Vividair News & Articles

From monthly archives: May 2016

We are pleased to present below all posts archived in 'May 2016'. If you still can't find what you are looking for, try using the search box.

Laminar Flow Theatres: An Overview

The way in which laminar flow theatres work is, very basically, to filter the air and create a powerful, calm and uniform unidirectional airflow. They rely on fans to create air velocity, which may be downward. There can be multiple laminar flow diffusers in a single operating theatre. Any turbulence can negate the bacterial reduction and removal effect of the system, so it is very important that operating theatre personnel move around carefully and deliberately. 

Vertical laminar flow theatres consist of a laminar flow plenum, sometimes called a CALP “Complete Air Light Plenum” above the operating table through which HEPA filtered air is diffused uniformly over the patient and operating staff. This creates a sterile air zone around the patient. It is also important to validate by means of particle counts an operating theatre on a regular basis.

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ISO Compliance - The importance of regulatory bodies and updating standards

ISO standards are voluntary and difficult to enforce, though some have been adopted as part of national health, safety and environmental regulations and are thus binding. Even outside of a compulsory situation, compliance with ISO standards confers multiple benefits on a company. For example, it opens up international trade possibilities as it ensures the same quality, procedures and products will be found in different countries. It results in uniformity, enhancing efficiency and potentially saving money.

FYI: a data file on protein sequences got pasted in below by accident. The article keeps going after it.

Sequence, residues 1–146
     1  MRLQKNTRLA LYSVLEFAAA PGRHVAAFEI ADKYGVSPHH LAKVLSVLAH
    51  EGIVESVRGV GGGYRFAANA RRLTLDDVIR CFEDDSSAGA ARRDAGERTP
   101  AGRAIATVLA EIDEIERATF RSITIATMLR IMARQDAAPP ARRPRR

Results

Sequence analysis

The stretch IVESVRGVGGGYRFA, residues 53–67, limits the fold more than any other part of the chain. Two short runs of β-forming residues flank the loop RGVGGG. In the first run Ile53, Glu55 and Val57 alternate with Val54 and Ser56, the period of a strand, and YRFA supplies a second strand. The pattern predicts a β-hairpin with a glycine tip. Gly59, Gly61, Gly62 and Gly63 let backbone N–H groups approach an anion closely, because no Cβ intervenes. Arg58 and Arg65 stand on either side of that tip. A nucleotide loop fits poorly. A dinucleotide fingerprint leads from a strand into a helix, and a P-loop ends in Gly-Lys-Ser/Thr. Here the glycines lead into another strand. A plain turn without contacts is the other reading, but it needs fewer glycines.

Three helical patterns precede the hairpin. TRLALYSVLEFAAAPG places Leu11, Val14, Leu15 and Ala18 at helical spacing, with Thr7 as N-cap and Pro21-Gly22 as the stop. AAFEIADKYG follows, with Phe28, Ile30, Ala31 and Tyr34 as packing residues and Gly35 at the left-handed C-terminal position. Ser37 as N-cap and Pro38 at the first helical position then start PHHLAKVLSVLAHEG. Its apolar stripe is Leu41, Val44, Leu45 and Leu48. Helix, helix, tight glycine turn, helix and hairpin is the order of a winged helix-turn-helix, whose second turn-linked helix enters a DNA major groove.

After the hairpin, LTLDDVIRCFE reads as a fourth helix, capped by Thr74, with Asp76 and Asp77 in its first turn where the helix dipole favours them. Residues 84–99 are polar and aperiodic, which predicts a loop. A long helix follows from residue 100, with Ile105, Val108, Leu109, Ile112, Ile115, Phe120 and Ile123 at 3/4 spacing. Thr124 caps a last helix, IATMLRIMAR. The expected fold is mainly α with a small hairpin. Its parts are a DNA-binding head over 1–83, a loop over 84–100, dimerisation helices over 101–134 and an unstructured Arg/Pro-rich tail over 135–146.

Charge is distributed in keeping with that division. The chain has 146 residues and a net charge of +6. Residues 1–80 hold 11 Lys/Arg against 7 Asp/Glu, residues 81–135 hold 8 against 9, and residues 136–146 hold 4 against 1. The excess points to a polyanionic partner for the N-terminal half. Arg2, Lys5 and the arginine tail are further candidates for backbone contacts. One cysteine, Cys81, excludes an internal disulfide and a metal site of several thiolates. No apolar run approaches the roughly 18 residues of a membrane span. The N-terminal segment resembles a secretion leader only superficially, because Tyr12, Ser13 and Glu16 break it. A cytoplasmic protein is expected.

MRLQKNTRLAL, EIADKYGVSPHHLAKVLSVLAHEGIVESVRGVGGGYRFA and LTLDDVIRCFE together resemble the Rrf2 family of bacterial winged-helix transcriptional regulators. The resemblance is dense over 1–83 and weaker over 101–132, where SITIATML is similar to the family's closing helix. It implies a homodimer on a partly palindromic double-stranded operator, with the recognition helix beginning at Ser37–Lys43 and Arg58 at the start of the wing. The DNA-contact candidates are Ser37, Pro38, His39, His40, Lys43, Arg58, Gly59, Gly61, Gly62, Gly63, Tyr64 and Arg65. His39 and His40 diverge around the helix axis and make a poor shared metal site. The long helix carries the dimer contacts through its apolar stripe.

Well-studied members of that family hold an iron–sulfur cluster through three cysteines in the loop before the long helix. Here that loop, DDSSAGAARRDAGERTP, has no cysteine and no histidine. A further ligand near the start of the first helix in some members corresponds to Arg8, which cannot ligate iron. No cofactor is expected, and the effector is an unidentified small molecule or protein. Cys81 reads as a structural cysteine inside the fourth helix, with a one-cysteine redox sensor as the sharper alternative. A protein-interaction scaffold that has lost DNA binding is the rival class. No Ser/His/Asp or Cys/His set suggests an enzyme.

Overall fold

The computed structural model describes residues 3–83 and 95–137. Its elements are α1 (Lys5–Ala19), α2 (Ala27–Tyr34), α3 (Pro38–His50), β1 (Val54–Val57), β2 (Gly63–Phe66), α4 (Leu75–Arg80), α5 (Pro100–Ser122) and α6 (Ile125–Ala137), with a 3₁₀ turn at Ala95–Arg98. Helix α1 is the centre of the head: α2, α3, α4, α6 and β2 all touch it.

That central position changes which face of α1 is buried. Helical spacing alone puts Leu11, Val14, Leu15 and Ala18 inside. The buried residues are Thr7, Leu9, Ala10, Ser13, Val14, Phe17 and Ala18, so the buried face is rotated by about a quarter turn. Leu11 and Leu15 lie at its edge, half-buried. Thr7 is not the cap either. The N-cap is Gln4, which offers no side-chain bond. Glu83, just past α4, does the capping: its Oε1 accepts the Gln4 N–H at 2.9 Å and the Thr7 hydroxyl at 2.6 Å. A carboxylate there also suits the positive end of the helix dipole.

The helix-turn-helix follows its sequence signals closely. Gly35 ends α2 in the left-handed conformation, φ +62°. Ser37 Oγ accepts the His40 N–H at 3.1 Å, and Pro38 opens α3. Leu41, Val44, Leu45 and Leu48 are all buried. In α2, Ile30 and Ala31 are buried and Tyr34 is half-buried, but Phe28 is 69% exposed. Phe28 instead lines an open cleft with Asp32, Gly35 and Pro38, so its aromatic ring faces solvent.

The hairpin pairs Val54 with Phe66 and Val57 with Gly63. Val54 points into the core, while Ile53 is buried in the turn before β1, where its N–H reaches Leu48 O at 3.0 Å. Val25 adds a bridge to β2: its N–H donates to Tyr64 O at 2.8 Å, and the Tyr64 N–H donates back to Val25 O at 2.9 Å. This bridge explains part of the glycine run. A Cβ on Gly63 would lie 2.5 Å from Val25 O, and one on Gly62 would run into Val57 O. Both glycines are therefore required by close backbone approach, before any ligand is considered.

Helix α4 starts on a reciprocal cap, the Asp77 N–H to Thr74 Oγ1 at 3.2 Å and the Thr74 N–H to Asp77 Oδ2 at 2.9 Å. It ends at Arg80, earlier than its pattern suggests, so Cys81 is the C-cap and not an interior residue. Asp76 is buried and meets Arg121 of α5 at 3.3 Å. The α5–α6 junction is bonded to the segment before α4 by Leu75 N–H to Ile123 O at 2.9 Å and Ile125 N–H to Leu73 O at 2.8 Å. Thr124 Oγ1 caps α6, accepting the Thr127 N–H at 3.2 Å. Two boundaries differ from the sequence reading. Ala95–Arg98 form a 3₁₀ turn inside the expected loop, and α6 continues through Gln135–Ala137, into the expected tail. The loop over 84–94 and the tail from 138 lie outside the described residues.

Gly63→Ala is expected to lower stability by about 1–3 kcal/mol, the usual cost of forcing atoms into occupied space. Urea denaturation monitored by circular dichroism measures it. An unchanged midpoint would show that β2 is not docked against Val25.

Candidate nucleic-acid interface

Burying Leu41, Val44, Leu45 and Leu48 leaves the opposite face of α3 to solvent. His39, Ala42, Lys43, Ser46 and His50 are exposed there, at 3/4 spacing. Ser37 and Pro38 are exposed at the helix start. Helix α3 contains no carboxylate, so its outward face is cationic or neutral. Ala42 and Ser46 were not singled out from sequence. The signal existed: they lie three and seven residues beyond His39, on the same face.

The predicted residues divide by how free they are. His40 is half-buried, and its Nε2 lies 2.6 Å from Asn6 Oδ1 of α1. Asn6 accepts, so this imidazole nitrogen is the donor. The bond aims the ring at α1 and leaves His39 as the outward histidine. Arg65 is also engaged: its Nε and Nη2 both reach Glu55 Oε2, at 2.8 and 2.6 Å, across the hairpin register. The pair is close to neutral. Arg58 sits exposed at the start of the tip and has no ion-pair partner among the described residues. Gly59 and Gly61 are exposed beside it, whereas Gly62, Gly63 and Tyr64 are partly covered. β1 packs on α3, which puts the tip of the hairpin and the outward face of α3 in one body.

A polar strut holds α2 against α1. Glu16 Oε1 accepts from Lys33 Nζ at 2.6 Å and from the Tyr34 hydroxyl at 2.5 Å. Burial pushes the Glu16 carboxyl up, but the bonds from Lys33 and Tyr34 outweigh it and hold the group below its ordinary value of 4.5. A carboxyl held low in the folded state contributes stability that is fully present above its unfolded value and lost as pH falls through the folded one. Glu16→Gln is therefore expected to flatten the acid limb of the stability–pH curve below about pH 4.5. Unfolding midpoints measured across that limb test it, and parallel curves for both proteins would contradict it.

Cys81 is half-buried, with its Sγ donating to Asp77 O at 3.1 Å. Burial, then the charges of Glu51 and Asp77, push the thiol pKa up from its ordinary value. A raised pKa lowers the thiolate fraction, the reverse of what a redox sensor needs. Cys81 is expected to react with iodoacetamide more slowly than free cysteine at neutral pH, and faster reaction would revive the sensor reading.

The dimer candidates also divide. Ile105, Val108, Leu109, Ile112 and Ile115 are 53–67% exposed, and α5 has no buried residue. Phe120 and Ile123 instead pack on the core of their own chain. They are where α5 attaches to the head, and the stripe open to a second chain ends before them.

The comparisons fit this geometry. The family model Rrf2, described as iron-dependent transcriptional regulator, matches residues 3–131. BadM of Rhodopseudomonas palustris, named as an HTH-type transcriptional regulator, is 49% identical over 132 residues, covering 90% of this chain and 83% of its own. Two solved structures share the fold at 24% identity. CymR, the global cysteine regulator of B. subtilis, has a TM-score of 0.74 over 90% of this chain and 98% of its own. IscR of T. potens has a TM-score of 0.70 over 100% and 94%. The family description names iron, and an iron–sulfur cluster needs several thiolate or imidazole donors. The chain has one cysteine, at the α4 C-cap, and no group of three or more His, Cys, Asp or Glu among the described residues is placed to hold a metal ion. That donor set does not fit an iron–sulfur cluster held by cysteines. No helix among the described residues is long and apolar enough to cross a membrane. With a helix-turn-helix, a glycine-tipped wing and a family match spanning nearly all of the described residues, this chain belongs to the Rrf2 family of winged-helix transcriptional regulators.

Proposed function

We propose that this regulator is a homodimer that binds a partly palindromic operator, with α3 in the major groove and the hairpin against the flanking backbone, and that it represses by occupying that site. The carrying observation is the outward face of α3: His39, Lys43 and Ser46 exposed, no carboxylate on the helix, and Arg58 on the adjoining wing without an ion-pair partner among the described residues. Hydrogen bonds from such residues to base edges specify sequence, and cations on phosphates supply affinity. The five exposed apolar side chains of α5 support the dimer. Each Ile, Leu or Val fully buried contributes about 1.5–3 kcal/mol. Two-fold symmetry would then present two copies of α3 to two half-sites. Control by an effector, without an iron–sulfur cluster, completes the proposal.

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The New ISO 14644-1 Regulations: An Overview

Revisions were made to the ISO 14644-1 and -2 regulations in November 2015, coming into effect in January 2016. Because these standards regulate the classification of airborne cleanliness, the changes impact companies in a wide range of industries – anywhere that a clean-room is utilized. In this document, we provide a comprehensive overview of the new ISO 14644-1 regulations.


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Replacing HEPA Filters: Is it time?

Removing a HEPA filter and installing a new one is a process that needs to be handled carefully to ensure the safety of workplace personnel and prevent damage to the filter. If mismanaged, it could result in exposure to high concentrations of harmful organisms. If the HEPA filter is part of a bio-safety cabinet, a full decontamination must be done using gases to neutralise the threats.

It is also possible to use a bag-in, bag-out system in some cases. This is where the old filter is removed in a sealed bag, and a new one inserted in a sealed bag. However, this needs to be set up when the filter-containing equipment is initially installed and all servicing must be carried out by trained personnel. 

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